Taking Your First Night Photos :: Digital Photo Secrets

Taking Your First Night Photos

by David Peterson 1 comment

We all lead busy lives. The world is likely dark when you get up and has already settled back into darkness by the time you get home. Not exactly great for getting your camera out and taking some shots. Have you ever considered getting out at night to take photos? Night photography can be intimidating but don't be afraid of the dark! Read on to learn how to take your first night photographs. Night, night baby!


In addition to your camera and lens there are a few additional things you need. As far as the lens goes, a wide angle lens is great for night photography. If you happen to have a killer 10-22 mm lens you are in business. If you don't, just use what you have! If you have a lens hood, it can be helpful for reducing overpowering light sources like street lights. You really must have a tripod though. You will definitely get what you pay for, but even an inexpensive tripod will get you started. You will be working with shutter speeds between 1 and 30 seconds and that is simply too slow to handhold. If you have a cable release then use it, but if not just employ the self-timer on your camera. Most timers give you about a 10 second delay before the shutter is triggered which is enough to avoid the shake triggered by you pushing the button.

The only other equipment I suggest is a light source like a flashlight. When you are trying to adjust your camera settings or juggle your equipment you will thank me. You can even take it up a notch up by wearing a head lamp, like a coal miner, only cooler! I assure you what it lacks in style it makes up in function. You may also use your light while composing your picture. If there is something in the scene that is just too dark to photograph, you can use your trusty light to illuminate it.

Camera Settings

Each night time situation is different, but I can provide you with some basic guidelines to get you started. First of all, turn off the flash! The last thing you want is your on-camera flash popping up and ruining your exposure. At night you really need to have control over your exposure settings, so it is time to go manual. Once in manual you can choose an aperture (read on for suggestions about that) and then dial in your shutter speed until the exposure level mark is in the middle. I highly recommend trying this at home in the light of day first so you know where your dials are and what to look for in your viewfinder. As you shoot, review your images on your LCD screen and adjust the exposure if necessary with your exposure compensation button. So for example, if the images are just not dark enough for your night scene, underexpose it by 1 or 2 stops and shoot again.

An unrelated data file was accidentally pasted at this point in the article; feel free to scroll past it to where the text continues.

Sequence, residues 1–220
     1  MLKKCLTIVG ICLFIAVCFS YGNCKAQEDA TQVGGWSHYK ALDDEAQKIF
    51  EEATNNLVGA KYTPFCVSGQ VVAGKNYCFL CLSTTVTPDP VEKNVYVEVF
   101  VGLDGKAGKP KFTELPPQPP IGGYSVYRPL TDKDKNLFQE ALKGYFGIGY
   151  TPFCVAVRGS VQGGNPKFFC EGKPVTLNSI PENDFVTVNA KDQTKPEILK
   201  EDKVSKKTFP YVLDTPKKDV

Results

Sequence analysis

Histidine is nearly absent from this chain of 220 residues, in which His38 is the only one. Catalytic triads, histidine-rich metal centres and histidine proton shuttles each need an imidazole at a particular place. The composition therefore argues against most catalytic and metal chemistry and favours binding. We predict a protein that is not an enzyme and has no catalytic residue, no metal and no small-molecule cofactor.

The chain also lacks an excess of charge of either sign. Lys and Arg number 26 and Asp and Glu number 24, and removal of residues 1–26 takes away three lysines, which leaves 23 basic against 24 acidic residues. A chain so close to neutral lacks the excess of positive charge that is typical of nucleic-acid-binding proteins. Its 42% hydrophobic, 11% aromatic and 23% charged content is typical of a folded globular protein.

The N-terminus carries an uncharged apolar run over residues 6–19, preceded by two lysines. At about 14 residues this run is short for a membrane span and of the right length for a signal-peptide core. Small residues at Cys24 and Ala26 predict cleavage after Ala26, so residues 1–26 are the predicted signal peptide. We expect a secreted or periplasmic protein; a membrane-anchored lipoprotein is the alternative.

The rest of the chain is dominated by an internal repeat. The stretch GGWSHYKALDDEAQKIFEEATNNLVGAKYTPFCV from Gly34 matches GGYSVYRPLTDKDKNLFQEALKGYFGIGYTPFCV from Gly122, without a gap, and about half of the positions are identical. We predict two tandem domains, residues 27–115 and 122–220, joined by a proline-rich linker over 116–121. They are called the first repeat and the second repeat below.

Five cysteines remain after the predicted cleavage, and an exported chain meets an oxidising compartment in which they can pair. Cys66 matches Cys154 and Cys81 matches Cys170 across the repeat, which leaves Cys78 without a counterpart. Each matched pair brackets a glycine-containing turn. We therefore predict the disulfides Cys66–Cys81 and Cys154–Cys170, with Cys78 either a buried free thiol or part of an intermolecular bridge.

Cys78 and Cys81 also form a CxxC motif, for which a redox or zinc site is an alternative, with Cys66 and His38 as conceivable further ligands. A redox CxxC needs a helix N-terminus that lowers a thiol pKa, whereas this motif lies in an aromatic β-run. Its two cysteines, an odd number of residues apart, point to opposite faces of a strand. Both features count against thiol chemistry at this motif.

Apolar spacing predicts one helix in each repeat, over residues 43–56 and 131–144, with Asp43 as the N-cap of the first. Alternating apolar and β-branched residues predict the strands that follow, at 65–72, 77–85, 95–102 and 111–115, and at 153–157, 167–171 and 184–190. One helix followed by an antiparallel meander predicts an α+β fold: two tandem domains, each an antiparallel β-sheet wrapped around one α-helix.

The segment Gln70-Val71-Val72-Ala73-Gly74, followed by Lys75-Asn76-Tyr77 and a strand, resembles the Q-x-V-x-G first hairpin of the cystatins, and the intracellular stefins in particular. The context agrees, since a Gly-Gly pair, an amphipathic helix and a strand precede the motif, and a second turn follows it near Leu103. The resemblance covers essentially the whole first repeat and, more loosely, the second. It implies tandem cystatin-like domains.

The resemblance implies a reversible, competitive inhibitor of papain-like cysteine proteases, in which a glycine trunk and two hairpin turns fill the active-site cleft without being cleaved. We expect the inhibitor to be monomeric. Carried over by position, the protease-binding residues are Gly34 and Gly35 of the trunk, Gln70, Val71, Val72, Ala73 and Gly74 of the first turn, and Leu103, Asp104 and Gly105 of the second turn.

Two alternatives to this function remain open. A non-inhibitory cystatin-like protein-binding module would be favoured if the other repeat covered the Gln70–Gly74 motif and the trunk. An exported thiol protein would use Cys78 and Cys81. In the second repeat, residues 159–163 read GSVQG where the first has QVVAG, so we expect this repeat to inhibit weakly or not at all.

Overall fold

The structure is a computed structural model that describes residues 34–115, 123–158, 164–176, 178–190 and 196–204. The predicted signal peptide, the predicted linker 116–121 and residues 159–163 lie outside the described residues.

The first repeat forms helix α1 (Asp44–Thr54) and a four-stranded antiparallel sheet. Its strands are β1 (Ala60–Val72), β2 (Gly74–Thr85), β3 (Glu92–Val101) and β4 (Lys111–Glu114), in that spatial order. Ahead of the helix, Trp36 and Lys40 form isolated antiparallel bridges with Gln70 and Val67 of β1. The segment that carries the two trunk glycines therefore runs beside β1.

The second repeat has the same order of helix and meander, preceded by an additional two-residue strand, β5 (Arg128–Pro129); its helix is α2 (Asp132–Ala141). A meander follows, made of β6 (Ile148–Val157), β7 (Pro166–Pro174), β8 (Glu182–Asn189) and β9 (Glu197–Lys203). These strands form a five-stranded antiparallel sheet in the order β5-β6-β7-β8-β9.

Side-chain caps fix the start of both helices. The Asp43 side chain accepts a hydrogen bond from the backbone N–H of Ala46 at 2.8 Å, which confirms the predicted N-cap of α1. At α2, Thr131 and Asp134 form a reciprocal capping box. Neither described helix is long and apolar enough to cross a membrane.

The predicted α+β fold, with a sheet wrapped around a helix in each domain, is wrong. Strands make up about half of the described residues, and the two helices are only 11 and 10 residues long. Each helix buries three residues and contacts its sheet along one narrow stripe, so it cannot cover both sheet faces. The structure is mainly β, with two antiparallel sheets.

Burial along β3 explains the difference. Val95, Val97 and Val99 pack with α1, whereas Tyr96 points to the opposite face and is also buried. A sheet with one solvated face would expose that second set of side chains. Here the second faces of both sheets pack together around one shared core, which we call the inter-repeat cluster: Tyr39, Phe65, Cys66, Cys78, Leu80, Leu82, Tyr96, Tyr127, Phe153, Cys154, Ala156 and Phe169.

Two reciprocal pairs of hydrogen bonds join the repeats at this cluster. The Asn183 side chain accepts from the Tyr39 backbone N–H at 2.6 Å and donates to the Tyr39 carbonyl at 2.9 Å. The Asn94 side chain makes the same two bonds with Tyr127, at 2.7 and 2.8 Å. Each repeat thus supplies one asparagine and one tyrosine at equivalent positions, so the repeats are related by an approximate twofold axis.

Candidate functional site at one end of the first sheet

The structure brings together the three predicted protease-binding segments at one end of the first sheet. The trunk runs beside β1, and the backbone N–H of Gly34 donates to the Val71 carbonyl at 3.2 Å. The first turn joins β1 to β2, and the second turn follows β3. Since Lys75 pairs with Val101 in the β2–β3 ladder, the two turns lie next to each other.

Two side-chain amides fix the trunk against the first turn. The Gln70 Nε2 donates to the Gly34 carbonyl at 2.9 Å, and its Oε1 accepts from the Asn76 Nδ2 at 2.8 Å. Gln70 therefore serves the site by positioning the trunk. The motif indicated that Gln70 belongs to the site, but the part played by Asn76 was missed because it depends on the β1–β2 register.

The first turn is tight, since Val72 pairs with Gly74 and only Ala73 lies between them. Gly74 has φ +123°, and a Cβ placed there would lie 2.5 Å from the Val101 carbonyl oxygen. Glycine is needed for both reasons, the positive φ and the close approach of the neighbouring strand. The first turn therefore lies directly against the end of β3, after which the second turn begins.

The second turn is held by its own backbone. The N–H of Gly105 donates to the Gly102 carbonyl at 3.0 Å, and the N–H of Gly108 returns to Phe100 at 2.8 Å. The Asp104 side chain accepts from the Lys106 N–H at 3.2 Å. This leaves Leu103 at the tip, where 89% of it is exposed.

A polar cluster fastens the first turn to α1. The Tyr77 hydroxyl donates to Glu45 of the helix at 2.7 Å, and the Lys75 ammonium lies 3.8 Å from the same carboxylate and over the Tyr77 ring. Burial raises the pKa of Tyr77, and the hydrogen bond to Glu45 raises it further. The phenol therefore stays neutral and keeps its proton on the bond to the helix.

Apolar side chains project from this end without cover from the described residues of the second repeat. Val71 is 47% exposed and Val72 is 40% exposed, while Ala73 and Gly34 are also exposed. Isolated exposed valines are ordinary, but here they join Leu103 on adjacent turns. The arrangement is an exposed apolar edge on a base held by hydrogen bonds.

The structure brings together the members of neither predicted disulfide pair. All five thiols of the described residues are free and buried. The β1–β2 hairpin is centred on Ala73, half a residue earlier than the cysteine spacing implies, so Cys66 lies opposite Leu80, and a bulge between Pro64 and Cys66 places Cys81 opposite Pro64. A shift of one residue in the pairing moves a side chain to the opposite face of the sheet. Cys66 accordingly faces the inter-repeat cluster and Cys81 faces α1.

As far as aperture goes, there is no magic number. If you really want to focus on something but still have a blurred background then you will want to open that aperture up (low f-stop number). If you are not as concerned about a shallow depth of field, then I suggest narrowing your aperture to try and take advantage of your lens' sweet spot. Every lens has an aperture at which it is the sharpest and most of them are in the f/8-f/16 range. You will have to experiment. Stopping down the aperture to say f/16 will give you a scene that is sharp throughout.

You will likely be shooting with a shutter speed between 5 and 15 seconds. You can start with auto white balance, but if the color temperature looks off you may need to change the setting. For night photos try a low ISO, like 100, to have very little noise.

In the photo above, the shutter speed has been slowed way down to blur out the people in the picture. This is one of the beauties of night photography. If you want to focus on the architecture and overall scene, you can blur out any distractions. Just slow down your shutter speed to between 10 and 30 seconds, and you will have ghostly figures floating around for a mesmerizing effect!

Subjects and Composition

Landscapes or architectural scenes with strong lines make some of the best subjects for beginning night photographers. You can also focus in on details like neon signs for cool, colorful effects. One nighttime photo effect that is easy to achieve is the starburst light look. Check out the photo below for an example. To try this find a street light or something similar, stop down your aperture to around f/16, adjust your exposure, and shoot. At that narrow aperture, you get the cool firework light effect.

Night photography is fun! This will get your creative juices flowing and may create the nocturnal habits of a vampire. If you start heading to work with dark circles under your eyes and in need of an extra cup of coffee, you are hooked. If you are short on daylight hours or just in need of a new photography challenge, then utilize those night time hours to hone your craft. Things look different when the sun goes down, so with your tripod and imagination in hand set out into the dark. It is not that scary after all!

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  1. Bhuwan kumar Rai says:

    Excellent lesson for amateur photographer like me!! I have a Nikon d3300 with Nikkor 35mm 1.8G DX lens. Why cannot I adjust the exposure compensation while shooting in aperture priority mode? In manual mode it is there in the view finder but not in aperture and shutter priority mode. Am I missing something? Thanks and warm regards!!

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About David Peterson
David Peterson is the creator of Digital Photo Secrets, and the Photography Dash and loves teaching photography to fellow photographers all around the world. You can follow him on Twitter at @dphotosecrets or on Google+.